• Two web presses sold / installed and some ancillary equipment was installed at Fairfax and News sites
    • The demise of A3 offset presses, once the dominant volume installation machine in the 70s to mid 00’s had only two reported as sold or installed. A2 Offset fared better, mainly longer machines.
    • A1 offset and larger was dominated by longer machines with Heidelberg, Komori, Ryobi, manroland and KBA sharing the spoils.
    • Lots of digital presses were reported sold / installed, with Xerox stating they had sold nearly 200 J75 presses in six months. This substantiates that we by no means captured all digital press sales by other suppliers. HP Indigo featured prominently.
    • Inkjet started to enter the market.
    • High volumes of Flat Bed Wide Format and related finishing sales and installations  were reported.
    • CtP sales slowed compared to the early 00’s to coincide with offset sales.
    • Finishing equipment was mainly around smaller systems, built on digital press sales.

    All Market Watch reports are available for subscription / downloading at www.ascentpartners.com.au

    A.          Web Press and related  

    PMP WA Ferag Mailroom system
    Fairfax NSW / VIC Manroland Equipment (various)
    News Limited NT Ferag Inserting Line
    News Ltd NT KBA Comet Press
    PMP Clayton VIC Lithoman 96 pp Duplex heatset web
    Franklin VIC Lithoman 80 pp Heatset web
    News Limited NT Ferag Inserting Line

    B.          A3 and A2 Offset

    Service Printers NZ Heidelberg XL 75 plus coater
    Rawson / Artvue NSW Komori L 29 H UV Press
    ??? ?? Ryobi A3 press on PacPrint stand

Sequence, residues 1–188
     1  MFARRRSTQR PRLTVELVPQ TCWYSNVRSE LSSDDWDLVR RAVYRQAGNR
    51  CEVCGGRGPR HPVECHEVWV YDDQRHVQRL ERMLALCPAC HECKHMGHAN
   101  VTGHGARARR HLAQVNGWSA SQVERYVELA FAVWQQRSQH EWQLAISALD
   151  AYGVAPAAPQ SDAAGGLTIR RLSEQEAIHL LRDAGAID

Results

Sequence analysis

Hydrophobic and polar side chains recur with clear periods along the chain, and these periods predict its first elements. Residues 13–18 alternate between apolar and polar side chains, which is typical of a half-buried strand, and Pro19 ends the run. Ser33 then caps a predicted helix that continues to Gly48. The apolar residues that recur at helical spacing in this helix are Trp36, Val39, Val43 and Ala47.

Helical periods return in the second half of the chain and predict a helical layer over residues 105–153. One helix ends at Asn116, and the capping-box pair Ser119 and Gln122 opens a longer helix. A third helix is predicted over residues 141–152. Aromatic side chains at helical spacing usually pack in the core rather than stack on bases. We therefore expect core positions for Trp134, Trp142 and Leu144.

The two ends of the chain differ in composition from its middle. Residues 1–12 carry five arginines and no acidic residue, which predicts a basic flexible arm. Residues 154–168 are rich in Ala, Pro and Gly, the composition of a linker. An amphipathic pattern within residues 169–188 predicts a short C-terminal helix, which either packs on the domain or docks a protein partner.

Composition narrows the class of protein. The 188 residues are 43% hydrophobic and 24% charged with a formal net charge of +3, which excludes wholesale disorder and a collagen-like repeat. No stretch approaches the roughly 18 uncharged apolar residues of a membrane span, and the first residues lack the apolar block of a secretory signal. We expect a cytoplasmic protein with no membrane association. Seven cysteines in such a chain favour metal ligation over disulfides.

First Choice Printing NSW Heidelberg SX 74 – 5
    Apex Print and Design NZ Heidelberg SX 52
    GT Print QLD Heidelberg XL 75 – 5 colour offset press
    Rawson Graphics NSW Komori H-UV LS 529
    Printforce WA Komori Offset Press
    Worldwide Hub WA Heidelberg XL 75 – 5 colour offset press

    C.          A1 Offset and Larger

    CMYK Hub VIC Komori G40 – P8 colour H-UV
    Centrum NSW KBA Rapida 162a
    Megacolour NSW Heidelberg CD 102 – 6
    Cornerstone QLD Heidelberg CX 102 – 5
    TC Printing VIC Heidelberg XL 106-10
    Colorpak ??? manroland R 706 LTTLV
    CMYK Hub WA Ryobi 920 5 colour plus coater    (July 13)
    Hannapak NSW manroland 706
    Undisclosed Melbourne printer VIC manroland 706
    Southern Colour VIC Heidelberg XL 106-10 and XL 106-6 + coater
    Bright Print Group NSW Komori GL 540 plus coater Offset Press
    Whirlwind VIC Komori GL 840 H-UV press
    Picton Press WA KBA 10 Colour Perfector 106 Press
    CMYK Hub NSW Ryobi 8 colour 928 P

    D.          Digital

    Pemara Vic HP Indigo WS 6600
    Courtney Vic HP Indigo 10000
    Lotsa Printingin QLD Xerox I Gen 4 EXP
    Industrial Printing Company NSW Ricoh Pro C901
    Kingswood Press QLD Xerox I Gen 4
    3 x Unnamed NSW printers NSW Heidelberg Linoprint digtial presses